WEDNESDAY, Sept. 25, 2019 (HealthDay News) — U.S. politics has been incredibly divisive in recent years, and will likely only grow worse since President Donald Trump faces possible impeachment over the Ukrainian scandal.
So it is no wonder the strain of ugly federal politics has begun to affect the emotional and physical wellbeing of some taxpayers, as a new study indicates.
Almost two out of every five Americans state politics is stressing them out, and one in five are have had friendships damaged over politics, the researchers found.
“A surprisingly high number of American adults perceive their engagement in politics as having adverse effects on their social, emotional and even physical health,” said lead researcher Kevin Smith, chair of political science at the University of Nebraska-Lincoln.
House Speaker Nancy Pelosi announced Tuesday that the House of Representatives will start impeachment queries, accusing Trump of a”betrayal of his oath of office” in asking Ukraine’s newly elected president to investigate a Democratic rival for the U.S. presidency.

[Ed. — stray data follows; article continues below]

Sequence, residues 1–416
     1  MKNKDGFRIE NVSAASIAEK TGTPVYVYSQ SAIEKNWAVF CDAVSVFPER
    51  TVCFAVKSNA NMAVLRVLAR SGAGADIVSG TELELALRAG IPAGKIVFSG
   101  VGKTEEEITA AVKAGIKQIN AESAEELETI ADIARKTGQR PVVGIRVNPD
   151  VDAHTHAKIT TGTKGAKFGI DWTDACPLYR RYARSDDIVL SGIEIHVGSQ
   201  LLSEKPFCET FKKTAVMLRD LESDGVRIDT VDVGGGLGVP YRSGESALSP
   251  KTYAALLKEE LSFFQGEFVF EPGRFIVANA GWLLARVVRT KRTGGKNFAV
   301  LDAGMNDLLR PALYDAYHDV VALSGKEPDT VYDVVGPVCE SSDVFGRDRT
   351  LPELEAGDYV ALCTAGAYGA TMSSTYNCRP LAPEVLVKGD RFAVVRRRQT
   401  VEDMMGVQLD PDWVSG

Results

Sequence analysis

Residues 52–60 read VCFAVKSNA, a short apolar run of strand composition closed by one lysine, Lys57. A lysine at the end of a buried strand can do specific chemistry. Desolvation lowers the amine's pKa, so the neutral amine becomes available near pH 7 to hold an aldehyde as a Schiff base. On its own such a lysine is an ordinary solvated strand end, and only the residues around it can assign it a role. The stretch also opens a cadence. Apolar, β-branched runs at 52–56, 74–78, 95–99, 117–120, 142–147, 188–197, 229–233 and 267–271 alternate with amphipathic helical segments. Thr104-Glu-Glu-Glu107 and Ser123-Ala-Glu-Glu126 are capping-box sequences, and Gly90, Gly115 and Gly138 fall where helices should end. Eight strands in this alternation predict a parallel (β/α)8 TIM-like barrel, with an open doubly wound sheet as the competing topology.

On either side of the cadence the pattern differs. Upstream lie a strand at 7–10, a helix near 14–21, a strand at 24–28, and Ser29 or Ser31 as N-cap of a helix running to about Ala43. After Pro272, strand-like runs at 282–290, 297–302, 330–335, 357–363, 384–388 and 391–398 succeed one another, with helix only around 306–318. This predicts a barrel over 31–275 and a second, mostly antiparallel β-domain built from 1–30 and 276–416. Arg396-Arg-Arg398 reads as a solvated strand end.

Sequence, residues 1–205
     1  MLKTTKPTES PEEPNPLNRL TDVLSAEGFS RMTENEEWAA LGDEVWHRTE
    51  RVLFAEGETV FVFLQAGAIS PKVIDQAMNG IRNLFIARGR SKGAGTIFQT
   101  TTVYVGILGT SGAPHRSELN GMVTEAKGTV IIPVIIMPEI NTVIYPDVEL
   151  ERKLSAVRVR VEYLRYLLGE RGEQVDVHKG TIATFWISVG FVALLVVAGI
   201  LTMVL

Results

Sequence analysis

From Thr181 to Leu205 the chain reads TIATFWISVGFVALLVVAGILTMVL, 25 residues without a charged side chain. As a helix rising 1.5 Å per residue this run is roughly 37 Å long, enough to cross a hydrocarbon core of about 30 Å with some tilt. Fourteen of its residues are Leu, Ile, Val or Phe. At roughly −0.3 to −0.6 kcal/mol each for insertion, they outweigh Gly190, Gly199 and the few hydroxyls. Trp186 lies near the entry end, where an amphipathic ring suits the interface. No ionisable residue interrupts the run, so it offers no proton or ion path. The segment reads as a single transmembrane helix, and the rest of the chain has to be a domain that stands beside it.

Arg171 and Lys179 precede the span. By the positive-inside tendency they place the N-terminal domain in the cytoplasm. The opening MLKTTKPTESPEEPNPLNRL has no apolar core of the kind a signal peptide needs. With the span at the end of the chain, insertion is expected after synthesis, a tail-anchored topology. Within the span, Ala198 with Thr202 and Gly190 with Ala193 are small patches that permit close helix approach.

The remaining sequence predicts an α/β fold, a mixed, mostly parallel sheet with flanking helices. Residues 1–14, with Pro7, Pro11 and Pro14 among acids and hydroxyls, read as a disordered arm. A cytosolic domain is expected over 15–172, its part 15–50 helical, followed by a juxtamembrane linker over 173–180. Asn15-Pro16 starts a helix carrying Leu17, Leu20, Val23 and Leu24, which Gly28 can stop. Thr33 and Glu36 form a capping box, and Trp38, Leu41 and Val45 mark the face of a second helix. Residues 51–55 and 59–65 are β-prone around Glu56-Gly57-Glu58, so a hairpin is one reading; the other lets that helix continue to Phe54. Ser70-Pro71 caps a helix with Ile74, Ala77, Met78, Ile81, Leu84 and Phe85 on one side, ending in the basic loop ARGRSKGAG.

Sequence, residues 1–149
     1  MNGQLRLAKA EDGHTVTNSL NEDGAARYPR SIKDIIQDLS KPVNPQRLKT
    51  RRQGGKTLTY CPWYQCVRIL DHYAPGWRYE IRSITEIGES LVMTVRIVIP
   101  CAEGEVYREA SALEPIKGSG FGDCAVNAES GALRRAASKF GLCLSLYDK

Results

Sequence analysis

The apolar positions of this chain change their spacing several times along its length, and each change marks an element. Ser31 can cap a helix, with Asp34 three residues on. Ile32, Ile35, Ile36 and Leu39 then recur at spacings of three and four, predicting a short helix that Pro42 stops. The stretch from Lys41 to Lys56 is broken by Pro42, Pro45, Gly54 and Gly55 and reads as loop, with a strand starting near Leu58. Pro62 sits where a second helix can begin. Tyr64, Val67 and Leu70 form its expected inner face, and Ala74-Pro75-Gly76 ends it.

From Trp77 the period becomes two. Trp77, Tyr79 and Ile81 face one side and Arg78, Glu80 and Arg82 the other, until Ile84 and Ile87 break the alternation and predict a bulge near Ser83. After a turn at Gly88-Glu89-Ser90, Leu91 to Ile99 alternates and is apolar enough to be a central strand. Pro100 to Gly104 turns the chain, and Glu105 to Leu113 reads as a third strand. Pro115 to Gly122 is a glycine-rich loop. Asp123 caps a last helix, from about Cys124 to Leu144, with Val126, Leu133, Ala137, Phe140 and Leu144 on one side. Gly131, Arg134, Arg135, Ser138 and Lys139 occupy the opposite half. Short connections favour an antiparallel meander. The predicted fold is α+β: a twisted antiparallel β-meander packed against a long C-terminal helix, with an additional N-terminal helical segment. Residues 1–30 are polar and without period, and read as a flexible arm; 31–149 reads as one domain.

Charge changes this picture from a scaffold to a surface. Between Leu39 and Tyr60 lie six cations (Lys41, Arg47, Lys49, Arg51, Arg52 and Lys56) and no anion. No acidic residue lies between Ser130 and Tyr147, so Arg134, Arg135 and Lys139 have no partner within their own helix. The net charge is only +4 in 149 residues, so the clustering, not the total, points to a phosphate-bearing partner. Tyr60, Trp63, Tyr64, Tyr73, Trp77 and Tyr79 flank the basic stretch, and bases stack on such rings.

Matters only intensified Wednesday after the Trump government published a memorandum of his phone call with Ukrainian President Volodymyr Zelensky, where Trump pressed his counterpart for an investigation of presidential candidate Joe Biden and offered U.S. support for such a probe.
The new survey of 800 people nationwide, conducted prior to these most recent revelations, suggested that politics are creating a burgeoning public health crisis in the United States, Smith said.
One of the survey’s other findings:
- More than one in 10 individuals felt politics had adversely affected their physical wellbeing.
- Nearly one-third said they’d been driven crazy by media outlets that encourage views contrary to their own personal beliefs.
- Three in 10 Americans said they’d lost their temper .
- A quarter of people said that politics has led them to despise some people, and to think critically about moving away in their community.
- About 22% said they care too much about who wins and who loses.
- Around 15% said that they wish they would have controlled themselves more in political conversations or have posted things online that they later regretted.